This week’s photograph, titled “Steptoe Beauty,” was made by Greg Speasl in the Palouse country of eastern Washington. The image is an interesting study of how a telephoto lens can compress space and create patterns.
Sidelight is usually a great way to bring out textures, and here the low-angle, late-afternoon sun raking across the fields from right to left brings out the beautiful textures and forms of the landscape. The alternating patterns of green and amber also create a nice color contrast.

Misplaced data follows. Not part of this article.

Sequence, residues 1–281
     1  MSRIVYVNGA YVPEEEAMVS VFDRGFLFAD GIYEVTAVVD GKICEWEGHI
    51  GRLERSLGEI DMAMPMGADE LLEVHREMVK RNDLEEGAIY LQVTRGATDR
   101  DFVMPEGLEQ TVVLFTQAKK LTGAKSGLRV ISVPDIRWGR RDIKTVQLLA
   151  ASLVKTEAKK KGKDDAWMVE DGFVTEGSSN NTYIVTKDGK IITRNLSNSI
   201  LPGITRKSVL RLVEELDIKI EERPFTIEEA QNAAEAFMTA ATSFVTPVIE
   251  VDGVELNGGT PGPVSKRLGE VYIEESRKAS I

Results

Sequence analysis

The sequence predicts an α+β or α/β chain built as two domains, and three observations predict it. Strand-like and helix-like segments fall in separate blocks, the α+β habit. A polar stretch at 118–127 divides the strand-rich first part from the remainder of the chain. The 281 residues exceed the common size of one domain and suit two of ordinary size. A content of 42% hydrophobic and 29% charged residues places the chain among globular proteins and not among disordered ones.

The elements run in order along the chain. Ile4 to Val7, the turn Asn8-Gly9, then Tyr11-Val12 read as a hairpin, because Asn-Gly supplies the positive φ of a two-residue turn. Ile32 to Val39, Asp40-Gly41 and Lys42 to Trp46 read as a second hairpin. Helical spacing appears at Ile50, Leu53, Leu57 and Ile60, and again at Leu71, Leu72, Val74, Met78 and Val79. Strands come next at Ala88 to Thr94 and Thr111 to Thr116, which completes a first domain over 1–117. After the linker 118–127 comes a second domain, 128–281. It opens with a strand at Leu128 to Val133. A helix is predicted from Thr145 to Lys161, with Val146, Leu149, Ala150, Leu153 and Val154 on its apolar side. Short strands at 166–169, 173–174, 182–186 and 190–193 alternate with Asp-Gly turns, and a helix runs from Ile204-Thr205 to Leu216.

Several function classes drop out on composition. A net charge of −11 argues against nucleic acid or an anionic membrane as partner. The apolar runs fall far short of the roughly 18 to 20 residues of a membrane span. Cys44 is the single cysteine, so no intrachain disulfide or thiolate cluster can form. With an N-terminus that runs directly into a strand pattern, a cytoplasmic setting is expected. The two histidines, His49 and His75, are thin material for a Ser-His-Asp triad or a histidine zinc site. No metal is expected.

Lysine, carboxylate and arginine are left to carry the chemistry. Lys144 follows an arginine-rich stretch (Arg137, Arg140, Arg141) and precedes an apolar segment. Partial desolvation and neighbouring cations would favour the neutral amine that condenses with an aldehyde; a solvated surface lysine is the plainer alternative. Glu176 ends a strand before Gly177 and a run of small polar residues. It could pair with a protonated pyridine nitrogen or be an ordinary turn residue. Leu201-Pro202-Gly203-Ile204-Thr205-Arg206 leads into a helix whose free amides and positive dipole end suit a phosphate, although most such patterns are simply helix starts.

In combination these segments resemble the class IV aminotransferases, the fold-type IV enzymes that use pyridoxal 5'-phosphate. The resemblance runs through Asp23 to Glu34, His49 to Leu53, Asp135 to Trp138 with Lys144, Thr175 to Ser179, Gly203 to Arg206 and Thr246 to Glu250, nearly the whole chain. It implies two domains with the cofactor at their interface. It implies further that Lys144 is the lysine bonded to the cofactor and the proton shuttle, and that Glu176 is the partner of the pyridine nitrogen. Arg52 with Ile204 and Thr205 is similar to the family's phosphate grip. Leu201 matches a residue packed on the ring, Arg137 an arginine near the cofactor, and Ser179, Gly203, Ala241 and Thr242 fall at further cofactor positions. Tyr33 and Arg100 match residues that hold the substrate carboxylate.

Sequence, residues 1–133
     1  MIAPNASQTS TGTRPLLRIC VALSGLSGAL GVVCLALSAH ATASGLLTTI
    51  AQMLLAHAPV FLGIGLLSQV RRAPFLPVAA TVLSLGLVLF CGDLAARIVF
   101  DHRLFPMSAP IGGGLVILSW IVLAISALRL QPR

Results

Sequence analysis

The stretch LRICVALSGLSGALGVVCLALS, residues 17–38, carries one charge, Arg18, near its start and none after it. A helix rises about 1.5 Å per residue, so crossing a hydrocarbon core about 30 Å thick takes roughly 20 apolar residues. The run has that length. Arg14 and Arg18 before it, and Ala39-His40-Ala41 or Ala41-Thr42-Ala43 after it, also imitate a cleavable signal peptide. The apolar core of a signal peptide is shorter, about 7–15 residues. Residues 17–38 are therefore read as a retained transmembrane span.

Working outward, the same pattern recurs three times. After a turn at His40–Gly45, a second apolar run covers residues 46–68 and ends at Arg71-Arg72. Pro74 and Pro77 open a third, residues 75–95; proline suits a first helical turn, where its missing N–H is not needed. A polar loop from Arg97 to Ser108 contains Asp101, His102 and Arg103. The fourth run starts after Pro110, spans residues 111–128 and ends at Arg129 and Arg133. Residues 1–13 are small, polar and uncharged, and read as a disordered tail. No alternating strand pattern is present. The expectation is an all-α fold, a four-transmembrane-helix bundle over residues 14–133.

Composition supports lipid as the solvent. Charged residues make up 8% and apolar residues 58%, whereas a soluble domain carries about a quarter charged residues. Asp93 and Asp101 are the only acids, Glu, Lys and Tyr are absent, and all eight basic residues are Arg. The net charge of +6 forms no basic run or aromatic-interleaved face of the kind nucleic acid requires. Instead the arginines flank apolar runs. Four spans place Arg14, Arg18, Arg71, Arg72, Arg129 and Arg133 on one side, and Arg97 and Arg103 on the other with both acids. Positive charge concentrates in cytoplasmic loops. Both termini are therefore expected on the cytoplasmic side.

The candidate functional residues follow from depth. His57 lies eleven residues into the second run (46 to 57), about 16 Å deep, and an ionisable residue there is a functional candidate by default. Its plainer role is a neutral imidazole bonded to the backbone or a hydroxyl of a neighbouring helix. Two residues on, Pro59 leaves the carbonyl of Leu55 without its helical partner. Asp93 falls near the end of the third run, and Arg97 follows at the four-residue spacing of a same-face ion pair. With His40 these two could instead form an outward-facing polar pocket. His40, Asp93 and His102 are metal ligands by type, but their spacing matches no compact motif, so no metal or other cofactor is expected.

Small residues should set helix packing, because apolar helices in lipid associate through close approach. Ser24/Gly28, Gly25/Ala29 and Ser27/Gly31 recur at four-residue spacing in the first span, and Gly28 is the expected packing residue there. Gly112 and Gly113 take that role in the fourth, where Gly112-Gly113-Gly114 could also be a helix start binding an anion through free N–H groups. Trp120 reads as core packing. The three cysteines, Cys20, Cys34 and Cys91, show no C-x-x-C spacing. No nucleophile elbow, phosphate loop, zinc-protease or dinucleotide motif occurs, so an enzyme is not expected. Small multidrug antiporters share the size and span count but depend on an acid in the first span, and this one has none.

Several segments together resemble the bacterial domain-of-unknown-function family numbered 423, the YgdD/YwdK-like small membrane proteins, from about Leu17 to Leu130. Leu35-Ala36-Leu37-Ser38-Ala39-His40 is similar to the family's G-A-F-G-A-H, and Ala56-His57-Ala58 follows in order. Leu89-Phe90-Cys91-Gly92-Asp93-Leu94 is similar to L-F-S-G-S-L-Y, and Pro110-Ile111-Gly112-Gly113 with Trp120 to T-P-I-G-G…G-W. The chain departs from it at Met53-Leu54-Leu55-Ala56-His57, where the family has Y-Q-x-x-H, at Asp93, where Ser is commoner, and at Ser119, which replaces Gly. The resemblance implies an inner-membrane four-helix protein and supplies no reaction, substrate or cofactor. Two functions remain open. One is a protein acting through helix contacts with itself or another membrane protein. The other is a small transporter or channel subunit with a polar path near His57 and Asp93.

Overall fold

Recently I wrote about depth in photography, and how wide-angle lenses can help create an illusion of depth, while longer focal lengths can flatten the perspective and emphasize patterns. This is a great example of the latter—Greg used a telephoto lens (210mm on a full-frame sensor) to zoom in, compress the space, and pick out an intriguing pattern in the sculptured hills. In fact we see two overall patterns here, one formed by the interplay between light and dark, the other created by the color contrast between regions of green and amber.